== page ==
Boeing assembly plant

First, Boeing puts defense-level components into their aircraft, then, it seems they can’t put the right effort into building the money-makers (the 737 is a cash cow):

Jeannine Prewitt knew there was a problem when the holes wouldn’t line up.

On a Boeing Co. assembly line in Kansas in 2000, Prewitt saw workers drilling extra holes in the long aluminum ribs that make up the skeleton of a jetliner’s fuselage. That was the only way the workers could attach the pieces, because some of their pre-drilled holes didn’t match those on the airframe.

Prewitt was a parts buyer, the third generation of her family to work at the sprawling Boeing factory on the outskirts of Wichita. She believed that pieces going into one of the world’s most advanced and popular airliners, the Boeing 737, should fit like a glove.

And we call accusations of poor American craftsmanship a baseless perception?

The assembly workers Prewitt observed were not the only ones who noted problems with parts from a key Boeing supplier, AHF Ducommun of Los Angeles. Other workers told her that many pieces had to be shoved or hammered into place. And documents reviewed by The Washington Post show that quality managers reported numerous problems at Ducommun in memos recorded in Boeing’s system for monitoring its suppliers.

I hope someone at Boeing kicks some serious QC ass over at AHF Ducommun, or we won’t have a commercial aircraft industry soon. How many such reports do airlines (especially foreign) need to see before they exclusively buy Airbus?

  1. rwilliams254 says:

    At least they’re getting the job done and punching new holes instead of whining about it to their supervisors.

  2. Mike says:

    Is this like the old joke that you don’t want to buy a car built on Monday?

  3. moss says:

    They probably would have been fired as whistleblowers if they complained publicly. Damned few contractors in the upper reaches of military-industrial production will countenance an employee pointing out mistakes.

  4. SN says:

    Wow, this is a BIG deal. Back in the 80/90s I worked at a small time factory which made packing boxes and materials for the automobile industry.

    Even at our worst we never would have sent out a product so completely out of spec. Back then “statistical process control” was the mantra and we’d continually and randomly check each part that made up the whole to see if they were in spec.

    So in this situation Boeing either the parts were NOT checked to ensure compliance with the spec OR even worse, the spec itself was wrong. Friggin’ awful and inexcusable.

  5. Ballenger says:

    Call me unadventurous, but I would rather not be looking down from above the clouds, knowing I was on a plane respec’ed during assembly with Elmer’s, duct tape or ad hoc holes drilled in ANYTHING related to keeping it in the air.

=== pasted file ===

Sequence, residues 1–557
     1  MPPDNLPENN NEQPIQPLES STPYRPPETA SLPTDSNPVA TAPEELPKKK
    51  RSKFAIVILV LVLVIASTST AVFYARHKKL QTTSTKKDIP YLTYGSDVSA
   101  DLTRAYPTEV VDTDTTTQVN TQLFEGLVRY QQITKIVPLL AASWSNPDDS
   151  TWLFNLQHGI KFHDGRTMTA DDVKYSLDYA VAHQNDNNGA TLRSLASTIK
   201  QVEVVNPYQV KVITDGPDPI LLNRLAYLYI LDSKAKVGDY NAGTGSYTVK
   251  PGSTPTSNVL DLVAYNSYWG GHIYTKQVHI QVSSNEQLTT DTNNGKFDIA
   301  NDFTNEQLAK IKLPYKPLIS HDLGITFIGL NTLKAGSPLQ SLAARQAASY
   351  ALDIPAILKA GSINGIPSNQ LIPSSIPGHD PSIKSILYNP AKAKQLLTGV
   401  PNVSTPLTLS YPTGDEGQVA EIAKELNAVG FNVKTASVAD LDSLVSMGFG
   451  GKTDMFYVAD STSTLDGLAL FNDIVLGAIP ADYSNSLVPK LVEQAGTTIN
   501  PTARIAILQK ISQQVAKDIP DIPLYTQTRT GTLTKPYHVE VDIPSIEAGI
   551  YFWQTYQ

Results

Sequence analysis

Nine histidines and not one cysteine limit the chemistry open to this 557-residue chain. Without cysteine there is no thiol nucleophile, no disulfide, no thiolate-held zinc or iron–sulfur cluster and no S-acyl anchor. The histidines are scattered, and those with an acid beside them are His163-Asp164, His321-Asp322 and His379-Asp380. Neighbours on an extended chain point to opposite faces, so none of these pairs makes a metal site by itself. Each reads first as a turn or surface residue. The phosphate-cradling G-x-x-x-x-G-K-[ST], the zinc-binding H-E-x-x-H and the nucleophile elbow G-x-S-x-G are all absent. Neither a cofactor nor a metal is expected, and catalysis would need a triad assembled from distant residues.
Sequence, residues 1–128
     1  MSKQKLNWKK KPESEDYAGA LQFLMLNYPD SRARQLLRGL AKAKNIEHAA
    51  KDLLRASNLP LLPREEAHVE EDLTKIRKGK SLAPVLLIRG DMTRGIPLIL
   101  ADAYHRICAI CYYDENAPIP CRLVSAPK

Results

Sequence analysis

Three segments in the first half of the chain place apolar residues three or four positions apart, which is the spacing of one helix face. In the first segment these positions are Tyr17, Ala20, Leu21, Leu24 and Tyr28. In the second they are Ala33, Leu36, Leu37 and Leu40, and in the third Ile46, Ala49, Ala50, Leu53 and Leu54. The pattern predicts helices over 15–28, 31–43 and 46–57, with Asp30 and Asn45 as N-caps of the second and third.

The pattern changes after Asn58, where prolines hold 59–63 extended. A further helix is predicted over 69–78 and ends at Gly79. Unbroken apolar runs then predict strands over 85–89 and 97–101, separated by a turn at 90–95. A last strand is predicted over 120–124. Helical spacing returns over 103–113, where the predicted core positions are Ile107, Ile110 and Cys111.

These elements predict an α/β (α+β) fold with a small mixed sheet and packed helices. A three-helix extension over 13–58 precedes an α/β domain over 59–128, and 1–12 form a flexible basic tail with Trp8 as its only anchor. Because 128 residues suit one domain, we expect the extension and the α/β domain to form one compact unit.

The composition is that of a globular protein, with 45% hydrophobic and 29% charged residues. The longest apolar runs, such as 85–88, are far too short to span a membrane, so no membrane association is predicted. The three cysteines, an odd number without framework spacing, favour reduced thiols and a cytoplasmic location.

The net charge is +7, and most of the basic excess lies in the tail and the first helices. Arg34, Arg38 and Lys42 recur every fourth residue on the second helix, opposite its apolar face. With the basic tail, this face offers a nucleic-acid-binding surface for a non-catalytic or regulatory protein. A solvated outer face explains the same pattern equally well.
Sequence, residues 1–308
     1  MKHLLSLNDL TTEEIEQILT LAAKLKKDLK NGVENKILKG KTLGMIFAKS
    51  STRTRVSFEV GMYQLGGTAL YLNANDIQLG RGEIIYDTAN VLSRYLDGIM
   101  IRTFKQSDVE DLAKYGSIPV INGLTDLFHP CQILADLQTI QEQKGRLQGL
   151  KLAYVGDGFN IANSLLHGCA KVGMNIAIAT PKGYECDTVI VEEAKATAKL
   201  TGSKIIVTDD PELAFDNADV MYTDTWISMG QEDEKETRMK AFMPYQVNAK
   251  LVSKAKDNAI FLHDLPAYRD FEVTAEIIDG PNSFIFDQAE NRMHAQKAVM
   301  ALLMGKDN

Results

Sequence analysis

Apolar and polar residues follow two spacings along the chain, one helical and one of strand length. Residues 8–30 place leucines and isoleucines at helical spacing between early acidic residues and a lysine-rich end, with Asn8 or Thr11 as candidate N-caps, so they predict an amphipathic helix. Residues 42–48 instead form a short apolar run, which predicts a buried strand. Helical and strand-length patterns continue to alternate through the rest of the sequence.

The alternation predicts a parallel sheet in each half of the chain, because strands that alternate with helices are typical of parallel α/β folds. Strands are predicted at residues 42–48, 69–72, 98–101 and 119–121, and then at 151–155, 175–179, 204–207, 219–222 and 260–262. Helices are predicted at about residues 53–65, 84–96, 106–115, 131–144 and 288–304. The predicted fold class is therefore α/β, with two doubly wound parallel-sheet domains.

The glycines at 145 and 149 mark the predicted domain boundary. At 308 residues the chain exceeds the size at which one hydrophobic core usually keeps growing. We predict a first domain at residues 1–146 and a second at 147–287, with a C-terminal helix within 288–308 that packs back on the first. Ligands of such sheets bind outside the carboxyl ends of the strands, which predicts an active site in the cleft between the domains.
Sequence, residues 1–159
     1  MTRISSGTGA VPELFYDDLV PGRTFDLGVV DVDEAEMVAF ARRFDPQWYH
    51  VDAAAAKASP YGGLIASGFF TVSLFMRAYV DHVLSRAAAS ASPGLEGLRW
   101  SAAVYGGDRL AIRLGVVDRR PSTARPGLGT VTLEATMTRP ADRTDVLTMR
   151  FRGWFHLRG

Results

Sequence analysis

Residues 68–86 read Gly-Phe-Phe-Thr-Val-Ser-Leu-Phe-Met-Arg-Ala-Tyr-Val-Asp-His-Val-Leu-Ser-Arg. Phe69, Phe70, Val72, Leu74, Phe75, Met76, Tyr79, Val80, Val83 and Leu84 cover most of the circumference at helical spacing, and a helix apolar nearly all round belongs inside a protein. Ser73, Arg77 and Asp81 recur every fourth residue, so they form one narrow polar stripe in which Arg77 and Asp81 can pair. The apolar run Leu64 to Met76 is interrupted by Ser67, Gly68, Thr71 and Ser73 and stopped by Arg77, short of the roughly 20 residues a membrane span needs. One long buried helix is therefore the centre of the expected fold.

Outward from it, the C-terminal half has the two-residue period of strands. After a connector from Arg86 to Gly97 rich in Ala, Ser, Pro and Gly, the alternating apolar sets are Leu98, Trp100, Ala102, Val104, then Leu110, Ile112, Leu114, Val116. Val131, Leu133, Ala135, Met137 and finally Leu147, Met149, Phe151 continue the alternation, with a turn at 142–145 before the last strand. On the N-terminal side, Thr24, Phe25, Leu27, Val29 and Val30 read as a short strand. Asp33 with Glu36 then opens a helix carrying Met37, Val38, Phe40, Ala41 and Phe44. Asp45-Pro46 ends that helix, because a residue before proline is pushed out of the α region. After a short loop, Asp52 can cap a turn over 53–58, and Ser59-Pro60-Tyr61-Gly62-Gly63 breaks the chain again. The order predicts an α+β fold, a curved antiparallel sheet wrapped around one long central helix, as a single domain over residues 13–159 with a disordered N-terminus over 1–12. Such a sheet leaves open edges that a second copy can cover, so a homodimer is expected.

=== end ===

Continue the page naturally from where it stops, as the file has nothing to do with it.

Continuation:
If you can’t trust outsourced, low bid subcontractors working for giant military industrial corporations, who can you trust?

  6. Milo says:

    Smugly Canadian.

  7. Alex says:

    Boeing got its name from the sound its planes make when they hit the ground. 😉

  8. Jetfire says:

    Acctually, they should be bitchen to their supervisors. This will cost them more time to assembly the plane. Let alone what it may do to safety. People wonder why Japanese cars sell so well. They wouldn’t put up with this crap.
    You should hear the stories I hear from vendors. Americans would have in their order clause like 3 defects per 1,000 was acceptable. The Japanese wonder why they wanted defected parts.

  9. Mike says:

    I used to work on the 737 line at the Boeing plant in Renton, Washington, and this doesn’t surprise me. Shoddy work is fairly common. Sadly, Boeing is still the best of the bunch. While working on Airbus planes I’ve found structural and casting defects hidden with body filler (Bondo-type material for you car guys). I fly if I have to, but I prefer to take the train.

  10. Max says:

    Anybody know if the supplier was making the part to print (or in boeing’s case, model)? My experience in the Aviation field is that the part isn’t necessarily designed right. Usually, Assembly notes when this is the case, and notifies design engineering – I can not think of a single time when assembly has taken the initiative to rework a part on their own. This doesn’t pass the smell test, people.

  11. BHK says:

    Sounds like there may be other problems. Is it possible the parts have contracted or expanded during shipping? This is a problem when pieces have to be moved around all over the country through various temperature and humidity ranges.

  12. Mr. Fusion says:

    I hope someone at Boeing kicks some serious QC ass over at AHF Ducommun, …

    As one who has been in the Quality field for over 25 years, I disagree with this statement. This is not a Quality Control , or QC, problem. It is a management problem.

    If you read the entire Post article, you will see that no one wanted to look into the problem because it might cost too much to fix.

    “The most important thing is corrective action,” said Peggy Gilligan, deputy associate administrator for aviation safety at the FAA.

    It shouldn’t take over two years to conduct an investigation and then report that Corrective Actions are being performed. That will only cover the future, not what has already been done. The most important thing would be to determine the extent of the problem. Ignoring the problem is not the way to fix it.

    Is it just a coincidence that the FCC’s lack of diligence coincides with the Bush Administration and their deregulation policies?

  13. John Wofford says:

    I’m glad I don’t fly.


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